With respect to the billable assignments and “shadow billable value” on the fixed fee matters, we are helping the firm identify opportunities to become more efficient. Increased efficiency and productivity is what Practice Management is all about. [One large AmLaw 100 law firm is going so far as to hire non-lawyer managers with black belt status in Six Sigma management techniques to flow chart every aspect of client-lawyer relationship and how every litigation and transactional assignment is performed. This firm hopes not only to become the most efficient large law firm; they also want corporate America to know they have adopted a corporate approach to how legal services are performed.]
4L Law Firm Services is working with the law firm to fully embrace Practice Management. Among the things we are doing with them:
1. Establishing a database template for each area of law – e.g., family law; commercial litigation; auto accident cases; employment litigation. We are using the firm’s client intake interview form as the starting point to organize the facts of each case.
2. Designing procedures to scan every piece of incoming mail so that case-specific communications can be linked to the case database.
3. Using document management software to link every document generated within the firm, every email sent or received, pertinent PDFs and court filings, case research and eventually voicemail messages to the case database.
4. Linking relevant contact information from the firm’s main contact list to the specific case database where it can be enhanced to reflect each party’s role.
5. Enabling calendar/docket appointments to be linked to the case database.
6. Providing the ability to generate electronic task/to-do lists to the case database.
7. Delivering a document assembly interface so first drafts of documents can be selected from a forms library and linked to the specific case where the case caption and case-specific names and facts can be automatically inserted into the form, even adjusting pronounces to he, she or it and his, her or its. Cutting and pasting is inherently inefficient as compared to document assembly applications.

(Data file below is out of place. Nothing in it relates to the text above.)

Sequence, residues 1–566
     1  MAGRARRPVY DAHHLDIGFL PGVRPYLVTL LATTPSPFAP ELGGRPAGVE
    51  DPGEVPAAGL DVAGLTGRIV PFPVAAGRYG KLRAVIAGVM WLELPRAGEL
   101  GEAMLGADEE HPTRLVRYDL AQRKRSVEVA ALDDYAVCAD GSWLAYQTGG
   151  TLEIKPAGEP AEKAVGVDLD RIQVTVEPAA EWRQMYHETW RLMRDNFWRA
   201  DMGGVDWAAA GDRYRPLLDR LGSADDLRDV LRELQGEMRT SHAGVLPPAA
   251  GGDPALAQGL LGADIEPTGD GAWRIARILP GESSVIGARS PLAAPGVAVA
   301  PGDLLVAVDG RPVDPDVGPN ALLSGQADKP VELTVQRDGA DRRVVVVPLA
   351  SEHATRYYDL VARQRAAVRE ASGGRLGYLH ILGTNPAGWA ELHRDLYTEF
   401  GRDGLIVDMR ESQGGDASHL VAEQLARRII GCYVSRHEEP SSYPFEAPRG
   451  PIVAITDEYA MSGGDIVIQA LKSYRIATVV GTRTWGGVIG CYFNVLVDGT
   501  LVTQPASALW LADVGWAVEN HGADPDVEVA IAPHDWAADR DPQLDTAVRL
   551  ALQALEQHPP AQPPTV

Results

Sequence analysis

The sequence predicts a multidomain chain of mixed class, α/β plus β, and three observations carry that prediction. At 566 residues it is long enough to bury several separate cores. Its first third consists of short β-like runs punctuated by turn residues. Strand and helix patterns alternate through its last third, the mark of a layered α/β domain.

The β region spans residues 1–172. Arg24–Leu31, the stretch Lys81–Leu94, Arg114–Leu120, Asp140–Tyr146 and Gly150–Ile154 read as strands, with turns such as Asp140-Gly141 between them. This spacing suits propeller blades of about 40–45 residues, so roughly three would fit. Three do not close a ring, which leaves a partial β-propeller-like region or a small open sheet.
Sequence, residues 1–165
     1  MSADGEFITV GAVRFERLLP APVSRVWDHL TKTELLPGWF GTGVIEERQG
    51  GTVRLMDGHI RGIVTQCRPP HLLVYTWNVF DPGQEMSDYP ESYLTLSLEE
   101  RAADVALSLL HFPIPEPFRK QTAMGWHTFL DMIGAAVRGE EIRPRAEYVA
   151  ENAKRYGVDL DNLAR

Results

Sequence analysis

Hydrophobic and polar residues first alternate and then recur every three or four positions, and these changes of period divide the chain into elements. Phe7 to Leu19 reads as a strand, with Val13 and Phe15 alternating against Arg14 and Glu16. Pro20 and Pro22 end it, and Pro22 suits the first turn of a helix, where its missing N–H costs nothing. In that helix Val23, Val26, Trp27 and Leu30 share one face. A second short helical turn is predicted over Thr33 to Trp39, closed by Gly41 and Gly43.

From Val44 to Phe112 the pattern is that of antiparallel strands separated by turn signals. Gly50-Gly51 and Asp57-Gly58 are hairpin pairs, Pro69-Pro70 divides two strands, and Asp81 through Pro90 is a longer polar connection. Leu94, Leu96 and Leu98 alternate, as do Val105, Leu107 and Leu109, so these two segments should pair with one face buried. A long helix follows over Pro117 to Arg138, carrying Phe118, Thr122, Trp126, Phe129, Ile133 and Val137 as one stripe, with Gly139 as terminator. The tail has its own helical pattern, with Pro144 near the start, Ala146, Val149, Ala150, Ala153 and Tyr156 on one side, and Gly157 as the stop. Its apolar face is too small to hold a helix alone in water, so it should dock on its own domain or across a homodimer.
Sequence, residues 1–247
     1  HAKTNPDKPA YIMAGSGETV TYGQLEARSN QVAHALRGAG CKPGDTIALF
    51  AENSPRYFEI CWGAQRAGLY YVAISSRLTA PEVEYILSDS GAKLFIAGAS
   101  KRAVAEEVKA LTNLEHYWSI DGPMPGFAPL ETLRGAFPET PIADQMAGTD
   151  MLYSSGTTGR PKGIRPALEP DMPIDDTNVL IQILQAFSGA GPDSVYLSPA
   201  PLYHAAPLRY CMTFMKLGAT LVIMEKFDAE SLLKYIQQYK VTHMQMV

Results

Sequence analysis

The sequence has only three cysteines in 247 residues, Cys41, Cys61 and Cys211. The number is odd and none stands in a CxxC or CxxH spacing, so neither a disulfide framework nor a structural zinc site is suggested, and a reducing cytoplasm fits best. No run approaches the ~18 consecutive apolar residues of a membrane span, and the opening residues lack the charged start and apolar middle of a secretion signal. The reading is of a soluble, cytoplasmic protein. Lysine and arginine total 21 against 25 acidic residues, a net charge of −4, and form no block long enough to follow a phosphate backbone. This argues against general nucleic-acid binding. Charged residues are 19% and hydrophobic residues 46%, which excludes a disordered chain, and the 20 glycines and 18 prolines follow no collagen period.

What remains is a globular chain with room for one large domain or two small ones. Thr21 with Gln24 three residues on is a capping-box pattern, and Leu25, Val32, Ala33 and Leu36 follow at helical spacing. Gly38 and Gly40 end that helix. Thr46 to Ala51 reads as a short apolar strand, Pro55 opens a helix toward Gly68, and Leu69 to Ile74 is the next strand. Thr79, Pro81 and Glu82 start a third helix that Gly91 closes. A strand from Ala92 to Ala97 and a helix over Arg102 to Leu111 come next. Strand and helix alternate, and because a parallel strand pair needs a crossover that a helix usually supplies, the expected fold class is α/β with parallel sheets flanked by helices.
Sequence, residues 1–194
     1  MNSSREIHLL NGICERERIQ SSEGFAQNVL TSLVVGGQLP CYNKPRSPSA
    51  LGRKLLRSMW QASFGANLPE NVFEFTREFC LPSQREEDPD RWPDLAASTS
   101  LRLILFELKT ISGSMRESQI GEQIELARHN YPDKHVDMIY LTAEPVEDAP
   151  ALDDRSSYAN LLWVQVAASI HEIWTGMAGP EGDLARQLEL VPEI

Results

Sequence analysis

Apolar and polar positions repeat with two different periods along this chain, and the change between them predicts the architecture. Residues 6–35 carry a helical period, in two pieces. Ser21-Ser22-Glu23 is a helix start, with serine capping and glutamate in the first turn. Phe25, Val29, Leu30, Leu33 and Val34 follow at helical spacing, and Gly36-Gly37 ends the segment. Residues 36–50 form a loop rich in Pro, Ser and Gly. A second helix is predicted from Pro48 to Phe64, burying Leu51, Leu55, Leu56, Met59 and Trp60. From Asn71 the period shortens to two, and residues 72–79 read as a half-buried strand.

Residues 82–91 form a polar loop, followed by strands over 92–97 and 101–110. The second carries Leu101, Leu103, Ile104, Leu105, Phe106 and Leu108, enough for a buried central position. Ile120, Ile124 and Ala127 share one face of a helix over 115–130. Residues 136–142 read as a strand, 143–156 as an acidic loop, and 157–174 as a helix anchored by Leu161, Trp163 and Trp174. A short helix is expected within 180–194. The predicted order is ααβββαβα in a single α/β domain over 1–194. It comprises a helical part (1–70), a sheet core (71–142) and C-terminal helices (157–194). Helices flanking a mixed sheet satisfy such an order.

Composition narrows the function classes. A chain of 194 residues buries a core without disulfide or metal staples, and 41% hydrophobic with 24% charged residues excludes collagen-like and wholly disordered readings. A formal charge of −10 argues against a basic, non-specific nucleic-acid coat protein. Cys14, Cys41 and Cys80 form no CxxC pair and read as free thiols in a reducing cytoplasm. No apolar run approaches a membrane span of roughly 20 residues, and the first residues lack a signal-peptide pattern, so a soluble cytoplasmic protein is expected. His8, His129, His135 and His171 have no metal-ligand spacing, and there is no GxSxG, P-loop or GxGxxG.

The whole purpose of Practice Management is to make lawyers and staff more efficient and productive by organizing everything relevant to a specific case in a single, logically organized digital location, so lawyers can spend more time lawyering and less time searching for and grinding out paper.
Budgeting/Cash Flow ManagementThere’s a Boston comedian named Steven Wright who asserts, “Everyplace is within walking distance if you have enough time.” Unfortunately, in business, as in life, there seldom is enough time and it is helpful to have a roadmap to periodically gauge your progress and consider alternatives. In business this roadmap is a budget and regular financial projections and cash flow estimates serve to provide the periodic progress checks.
4L Law Firm Services is working with another law firm who had a fantastic 2011. The number of lawyers increased by nearly 40%; they moved into larger, more luxurious space; they took on two significant contingency cases which continue to look like real winners and billable hours were up significantly year-to-year. In hindsight, it is fair to say the firm did not make a single bad decision in 2011 – except they neglected to budget. Without a budget, firm leadership was unable to measure the cumulative impact of their management decisions.
At year-end, the firm’s leaders were surprised upon learning the bonus pool was lower than the preceding year. More importantly, this information came to light too late to properly manage the other partners’ bonus expectations. We currently are helping this firm to put together its first ever budget even though today’s date is April 10th. It’s never too late to budget or make cash flow projections.
ConclusionOver the past half hour, we discussed the crazy business model which subsumes the practice of law. We also touched on outsourcing, improving efficiency via practice management tools, and the importance of budgeting and cash flow management. The point is this: ongoing economic pressures are forcing law firms – big and small – to change our business model. No one believes we’ll ever go back to practicing law the way it was before 2008.
The largest law firms are spending more than $39,000 per lawyer each-and-every year on improving their financial back office to manage their law firms better and to upgrade their technology resources by which lawyers organize and execute their daily work. The comparable spending on financial and technology resources at smaller law firms – those ranging in size from solo practitioners to 20-some lawyers – averages less than $11,500 per lawyer per year. Large law firms are outspending you by more than 3-to-1 in the race to achieve greater efficiency and productivity and outpace the competition for the best clients and best talent.
Notwithstanding the 3-to-1 spending disadvantage, there is good news to report. Small and midsize firms no longer require large firm budgets to access large law firm financial and technology resources. For one thing, smaller firms can make quicker decisions – there are fewer egos involved to weigh in on decisions big and small. Secondly, both outsourcing and advances in private cloud computing options can provide large law firm resources at a sliver of the cost of bringing those resources into your office on a full-time basis.
Large firms are focusing on efficiency and productivity because they see no other option but to do so. Small and midsize firms are no less immune from the same pressures.